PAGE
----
BPEA | Spring 2009

Do Tax Cuts Starve the Beast? The Effect of Tax Changes on Government Spending

Authors: Christina D. Romer and
Christina Romer
Christina D. Romer Nonresident Senior Fellow - Economic Studies
David H. Romer
David H. Romer
David H. Romer Nonresident Senior Fellow - Economic Studies
Discussants: Steven J. Davis and
Steven Davis Headshot
Steven J. Davis William H. Abbott Professor of International Business and Economics - The University of Chicago Booth School of Business
Jeffrey A. Miron

Spring 2009

The hypothesis that decreases in taxes reduce future government
spending is often cited as a reason for cutting taxes. However, because
taxes change for many reasons, examinations of the relationship between overall
measures of taxation and subsequent spending are plagued by problems of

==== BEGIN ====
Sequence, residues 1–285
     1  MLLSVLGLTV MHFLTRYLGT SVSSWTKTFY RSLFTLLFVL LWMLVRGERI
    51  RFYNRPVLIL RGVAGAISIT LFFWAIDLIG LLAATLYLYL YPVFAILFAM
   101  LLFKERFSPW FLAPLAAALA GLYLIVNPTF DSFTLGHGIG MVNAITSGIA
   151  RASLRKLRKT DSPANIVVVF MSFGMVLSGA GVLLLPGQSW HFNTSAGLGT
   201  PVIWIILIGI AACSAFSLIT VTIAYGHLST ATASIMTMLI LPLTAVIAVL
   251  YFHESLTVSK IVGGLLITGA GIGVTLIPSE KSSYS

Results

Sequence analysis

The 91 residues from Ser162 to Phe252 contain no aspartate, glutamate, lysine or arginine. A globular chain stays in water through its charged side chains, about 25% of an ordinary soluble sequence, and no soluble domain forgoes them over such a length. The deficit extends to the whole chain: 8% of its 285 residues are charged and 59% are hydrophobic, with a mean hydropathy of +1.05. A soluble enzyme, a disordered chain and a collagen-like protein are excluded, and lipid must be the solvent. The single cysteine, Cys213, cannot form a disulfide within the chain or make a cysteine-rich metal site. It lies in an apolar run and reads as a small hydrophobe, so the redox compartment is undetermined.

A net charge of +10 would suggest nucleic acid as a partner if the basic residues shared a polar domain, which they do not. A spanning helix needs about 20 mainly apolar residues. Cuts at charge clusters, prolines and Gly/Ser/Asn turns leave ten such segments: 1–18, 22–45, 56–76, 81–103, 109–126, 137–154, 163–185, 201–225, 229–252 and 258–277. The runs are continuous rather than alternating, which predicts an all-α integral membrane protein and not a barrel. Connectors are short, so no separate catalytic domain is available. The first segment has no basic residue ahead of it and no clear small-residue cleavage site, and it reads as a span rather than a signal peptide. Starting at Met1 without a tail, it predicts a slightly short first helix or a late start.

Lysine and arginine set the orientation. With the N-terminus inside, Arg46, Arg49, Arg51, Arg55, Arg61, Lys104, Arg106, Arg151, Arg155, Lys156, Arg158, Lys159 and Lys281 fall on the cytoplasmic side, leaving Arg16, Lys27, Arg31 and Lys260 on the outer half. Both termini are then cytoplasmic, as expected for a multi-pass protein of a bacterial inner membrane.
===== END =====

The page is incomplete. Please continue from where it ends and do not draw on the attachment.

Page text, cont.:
reverse causation and omitted variable bias. To derive more reliable estimates,
this paper examines the behavior of government expenditure following legislated
tax changes that narrative sources suggest are largely uncorrelated with
other factors affecting spending. The results provide no support for the hypothesis
that tax cuts restrain government spending; indeed, the point estimates
suggest that tax cuts increase spending. The results also indicate that the main
effect of tax cuts on the government budget is to induce subsequent legislated
tax increases. Examination of four episodes of major tax cuts reinforces these